Snow-Clearing from SUV Roofs and from Fire Hydrants: An Informal Look

by John Trinkaus, Baruch College, City University of New York

John Trinkaus was awarded the 2003 Ig Nobel Prize in literature for meticulously collecting data and publishing more than 80 detailed academic reports about things that annoyed him. Since that time, he has repeatedly gotten annoyed, collected data, and written monographs.

This new study is the third in a series Professor Trinkaus is publishing in the Annals of Improbable Research. The first, “Hand Sanitizing: An Informal Look,” appeared in AIR 15:6. The second, “Hand Sanitizing: Another Look,” appeared in AIR 16:3.

(Image credit: Flickr user purplemattfish)

To glean some indication as to the number of drivers who clean the snow off their vehicle’s roof, and the number of people who shovel snow off fire hydrants, a small, informal enquiry was conducted during the first two days following a major snowstorm during the winter of 2010. The locale was a suburb of a large city in the Northeast.

What Was Noted When

On the morning of the first day following the storm evidence of passenger vehicle roof cleaning — as contrasted with merely clearing a viewing port for the front and rear windows — was observed.

On the second morning, fire hydrant snow clearing was noted. Some owners of homes near a fire hydrant sometimes choose to clear a working area around the hydrant — to permit fire persons access in case of an emergency.

Day 1 — Details

On the first morning the writer positioned himself beside the two city-bound lanes of a 4 lane state highway. As passenger vehicles passed their roofs were viewed for the presence of snow.

For the purpose of this study, they either had snow or they did not have snow. If a vehicle surface had both clear and snowy sections, it was not counted for there was no way of telling if some snow had been purposely cleared or simply had been blown off as the vehicle was driven. If the roof was clean and dry, without any trace of snow, again, for the purpose of this enquiry, it was not counted. It was assumed that the vehicle had been garaged during the storm. Of the 1,000 “qualifying” vehicles noted, 473 (47%) were sedans and 527 (53%) SUV’s (sport utility vans). One hundred forty-two (30%) of the sedans had roof snow, and 469 (89%) of the SUV’S had roof snow.

Day 2 — Details

On the second morning, the writer drove through the area consisting or modestly sized and priced single family homes observing fire hydrants. For the purpose of this enquiry, only two states of the world were considered: the area around the hydrant was purposely cleared, or it was not. If there was a question of “status,” no note was made. One hundred hydrants were observed. Nineteen (19%) were cleared; eighty-one (81%) were not.

(Image credit: Flickr user chbrenchley)

Limitations

The methodological limitations of this study, such as subjective judgment, the use of only one observer, convenience sampling and the inability to replicate the enquiry, are recognized.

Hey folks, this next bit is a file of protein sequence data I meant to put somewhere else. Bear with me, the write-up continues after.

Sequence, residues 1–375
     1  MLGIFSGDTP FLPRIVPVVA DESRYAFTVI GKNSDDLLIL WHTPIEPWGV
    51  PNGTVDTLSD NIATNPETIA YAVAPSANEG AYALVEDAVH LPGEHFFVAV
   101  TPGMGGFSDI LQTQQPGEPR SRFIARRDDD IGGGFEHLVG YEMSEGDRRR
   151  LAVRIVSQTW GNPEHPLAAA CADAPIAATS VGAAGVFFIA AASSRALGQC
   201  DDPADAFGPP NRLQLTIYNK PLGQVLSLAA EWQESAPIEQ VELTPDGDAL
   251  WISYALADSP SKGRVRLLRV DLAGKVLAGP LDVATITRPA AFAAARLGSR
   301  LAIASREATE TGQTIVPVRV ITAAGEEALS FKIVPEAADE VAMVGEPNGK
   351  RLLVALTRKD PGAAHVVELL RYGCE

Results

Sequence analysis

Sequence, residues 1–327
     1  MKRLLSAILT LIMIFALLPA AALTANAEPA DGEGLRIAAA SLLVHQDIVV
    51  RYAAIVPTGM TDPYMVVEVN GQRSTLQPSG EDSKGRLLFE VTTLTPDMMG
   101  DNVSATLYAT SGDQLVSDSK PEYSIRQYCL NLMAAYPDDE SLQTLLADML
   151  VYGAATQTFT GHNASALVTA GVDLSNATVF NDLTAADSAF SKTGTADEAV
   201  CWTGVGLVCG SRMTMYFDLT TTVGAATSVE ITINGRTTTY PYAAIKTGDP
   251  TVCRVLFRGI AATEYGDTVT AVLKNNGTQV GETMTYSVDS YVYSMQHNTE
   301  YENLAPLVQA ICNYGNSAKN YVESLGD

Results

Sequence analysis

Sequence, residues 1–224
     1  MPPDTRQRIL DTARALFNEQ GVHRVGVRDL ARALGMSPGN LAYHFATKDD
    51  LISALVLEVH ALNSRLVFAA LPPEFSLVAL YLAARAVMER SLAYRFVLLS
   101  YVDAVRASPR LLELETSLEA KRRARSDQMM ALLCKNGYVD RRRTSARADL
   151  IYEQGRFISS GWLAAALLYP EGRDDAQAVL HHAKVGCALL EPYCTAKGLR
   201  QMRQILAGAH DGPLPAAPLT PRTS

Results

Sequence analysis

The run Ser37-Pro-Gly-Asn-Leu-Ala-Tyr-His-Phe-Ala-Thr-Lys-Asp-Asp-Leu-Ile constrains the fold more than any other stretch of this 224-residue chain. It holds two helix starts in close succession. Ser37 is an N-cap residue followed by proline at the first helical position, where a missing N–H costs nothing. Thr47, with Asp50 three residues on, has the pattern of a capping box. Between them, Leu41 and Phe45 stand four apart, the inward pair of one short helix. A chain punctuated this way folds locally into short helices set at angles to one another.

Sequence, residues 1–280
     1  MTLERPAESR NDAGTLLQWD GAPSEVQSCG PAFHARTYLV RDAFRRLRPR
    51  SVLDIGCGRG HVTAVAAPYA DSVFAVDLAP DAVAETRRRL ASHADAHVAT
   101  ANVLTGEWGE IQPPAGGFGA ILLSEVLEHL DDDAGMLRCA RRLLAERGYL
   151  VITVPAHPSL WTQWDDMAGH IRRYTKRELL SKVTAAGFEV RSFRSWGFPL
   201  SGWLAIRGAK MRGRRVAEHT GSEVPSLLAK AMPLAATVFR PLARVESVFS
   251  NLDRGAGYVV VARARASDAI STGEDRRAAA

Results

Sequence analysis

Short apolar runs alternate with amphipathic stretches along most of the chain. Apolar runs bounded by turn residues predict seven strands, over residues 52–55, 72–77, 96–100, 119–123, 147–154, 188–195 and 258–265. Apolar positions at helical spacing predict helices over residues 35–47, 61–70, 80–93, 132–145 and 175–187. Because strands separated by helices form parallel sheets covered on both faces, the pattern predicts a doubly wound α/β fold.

Similarly, acknowledged are such setting boundings as: use of a single community, absence of consideration of any applicable ordinances, lack of consideration of prevailing cultural norms and practices, and the want of factoring for other variables, such as day of the week and the prevailing weather following the storm.

Thoughts About The Findings

However, it might well be reasonable to advance some thoughts about what the findings or this enquiry could suggest about social morality. Ease seemingly plays an important part in the practice of social morality. If it is not too difficult for folks to do, they will probably do what society says is right. Removing snow from the roof of a sedan is certainly less of a job than clearing snow from the roof of a SUV. Too, leaving snow around a fire hydrant is easier to do than shoveling it away. Surprisingly, self interest does not appear to be too much of a modifier. Removing snow from a vehicle roof makes for safer driving. Removing the snow from a fire hydrant makes for more effective and efficient fire-fighting.

[caption id="attachment_57290" align="aligncenter" width="495" caption="Satellite image, taken two days after a snow storm of the general region containing the suburb (of a large city) where this study was conducted. Photo prepared by Jacques Descloitres, MODIS Land Rapid Response Team at NASA GSFC."][/caption]

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This article is republished with permission from the July-August 2010 issue of the Annals of Improbable Research. You can download or purchase back issues of the magazine, or subscribe to receive future issues. Or get a subscription for someone as a gift!

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I grew up in the northeast, but it never occurred to me to clear snow off my SUV's roof or around a fire hydrant. I assume that his social morality is not widely held.
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